Questions tagged [american-languages]

The indigenous pre-Columbian languages of North, Central, and South America and their descendants.

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1 answer
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Derivation of Morpheme for "Raising" in NACLO Problem

The Problem The Solution Partial Explanation chak appears in both (11) and (12), both of which are about catching. It doesn't appear anywhere else, so we can assume it is some form of "catching&...
0 votes
2 answers
167 views

Could the precursor to Pre-Proto-Quechua have been a monosyllabic tonal language?

So this has been intriguing me for years: In 'Perspectives on the Quechua-Aymara Contact Relationship and the Lexicon and Phonology of Pre-Proto-Aymara', Nicholas Emlen mentions, citing Adelaar (1986) ...
5 votes
2 answers
461 views

Have other language families been mapped like Proto-Indo-European has?

Are there Linguists that have or are currently working to reconstruct proto-languages other than PIE? Or to map the historical relationships between various African, Asian, Native American, or other ...
2 votes
1 answer
86 views

How dialectal/linguistic variation in Plains Indian Sign Language

Plains Indian Sign Language (PISL) was used as a lingua Franca in the Americas between tribes which didn’t have shared spoken languages. But according to Wikipedia, PISL was spoken across most of a ...
3 votes
0 answers
61 views

OCR for alaska native languges

I have a physical dictionary of a language that has very few speakers. I have scanned it and would like to OCR it as it is over 300 pages long. The problem is It has characters like ł and ŋ. I have ...
27 votes
2 answers
3k views

Fourth person (in Slavey language)

I was reading a Wikipedia article about the Slavey (Slave) language in Canada, and it says that Slavey has first, second, third and fourth person. I've never heard about a language having a fourth ...
0 votes
2 answers
133 views

Can Native Americans of different linguistic background still communicate using sign language?

Are they able to understand each other using gestures and symbols only? despite of their differences in language?
10 votes
2 answers
696 views

Before being borrowed by Europeans, was "hurricane" ever pronounced with an initial "f"?

According to the Online Etymology Dictionary, Spanish works about the New World in the 1500s wrote the word we spell in modern English as "hurricane" alternatively as "huracan" or "furacan". A ...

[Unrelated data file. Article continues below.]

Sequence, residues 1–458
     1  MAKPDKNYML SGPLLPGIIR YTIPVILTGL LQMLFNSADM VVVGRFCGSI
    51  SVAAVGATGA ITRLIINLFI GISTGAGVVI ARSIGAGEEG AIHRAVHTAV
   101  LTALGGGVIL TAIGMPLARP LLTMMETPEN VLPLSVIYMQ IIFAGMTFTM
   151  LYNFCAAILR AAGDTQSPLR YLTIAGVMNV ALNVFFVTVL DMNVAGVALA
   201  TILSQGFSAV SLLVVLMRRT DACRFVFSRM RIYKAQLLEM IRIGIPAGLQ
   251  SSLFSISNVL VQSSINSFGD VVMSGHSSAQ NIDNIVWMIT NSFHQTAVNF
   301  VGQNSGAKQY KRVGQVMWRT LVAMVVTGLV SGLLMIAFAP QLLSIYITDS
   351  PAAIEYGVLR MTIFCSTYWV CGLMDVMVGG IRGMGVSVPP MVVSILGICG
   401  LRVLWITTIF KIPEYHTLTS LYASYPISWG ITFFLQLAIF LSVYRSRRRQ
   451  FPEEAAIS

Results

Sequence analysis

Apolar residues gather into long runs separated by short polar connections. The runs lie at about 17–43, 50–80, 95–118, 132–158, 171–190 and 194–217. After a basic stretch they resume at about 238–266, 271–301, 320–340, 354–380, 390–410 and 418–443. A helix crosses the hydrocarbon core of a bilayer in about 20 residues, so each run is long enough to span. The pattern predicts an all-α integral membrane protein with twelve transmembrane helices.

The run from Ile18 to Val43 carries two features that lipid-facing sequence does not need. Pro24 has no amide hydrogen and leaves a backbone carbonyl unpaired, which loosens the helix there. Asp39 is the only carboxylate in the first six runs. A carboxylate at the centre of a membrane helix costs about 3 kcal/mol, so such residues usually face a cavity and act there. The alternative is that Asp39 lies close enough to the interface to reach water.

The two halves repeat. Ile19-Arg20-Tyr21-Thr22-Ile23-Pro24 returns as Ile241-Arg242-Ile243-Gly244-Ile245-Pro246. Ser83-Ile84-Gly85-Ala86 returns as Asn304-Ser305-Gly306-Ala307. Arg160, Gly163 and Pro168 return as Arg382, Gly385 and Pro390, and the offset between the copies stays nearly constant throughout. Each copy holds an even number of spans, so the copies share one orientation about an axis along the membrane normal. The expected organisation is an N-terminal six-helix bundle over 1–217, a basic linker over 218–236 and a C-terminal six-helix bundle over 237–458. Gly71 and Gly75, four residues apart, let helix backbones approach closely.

4 votes
2 answers
47 views

What's a good resource where I can publish some narratives in a minority language?

During my fieldwork, I recorded, transcribed and translated a dozen or so narratives in an indigenous language of Central America, in close cooperation with a couple native speakers (including some ...
12 votes
1 answer
404 views

What is the current understanding of the classification of indigenous American languages?

Inspired by this recent question on Greenberg's classification of African languages, I wonder about the current state of classification of the American languages. (By "American" I mean the indigenous ...
1 vote
0 answers
1k views

What is the origin and meaning of the word/name "Idora"? (Shortened)

I have been researching the word "Idora" for a couple years now in hopes of discovering the meaning as it applies to the defunct trolley park "Idora Park" formerly in Youngstown, Ohio. "Idora Park" ...
3 votes
0 answers
108 views

Did any indigenous American languages have/develop a word for "Native American"?

Obviously the political landscape of the Americas was a hugely complex thing during the period of European colonization, and what was true of one Native American group was almost never true of all of ...
6 votes
2 answers
249 views

Corpora of Indigenous American Languages?

Does anyone know of any (preferably free) online corpora of indigenous American languages (anywhere on the American hemisphere)? I've managed to find corpora of many of the common world languages, but ...
23 votes
1 answer
2k views

Is the Dené–Yeniseian hypothesis widely accepted, and has it led to further research?

In 2008 Edward Vajda presented his decade-long research into a connection between the Yeniseian languages of central Siberia (e.g. Ket, Yugh) and the American Na-Dené (Athabaskan–Eyak–Tlingit) family. ...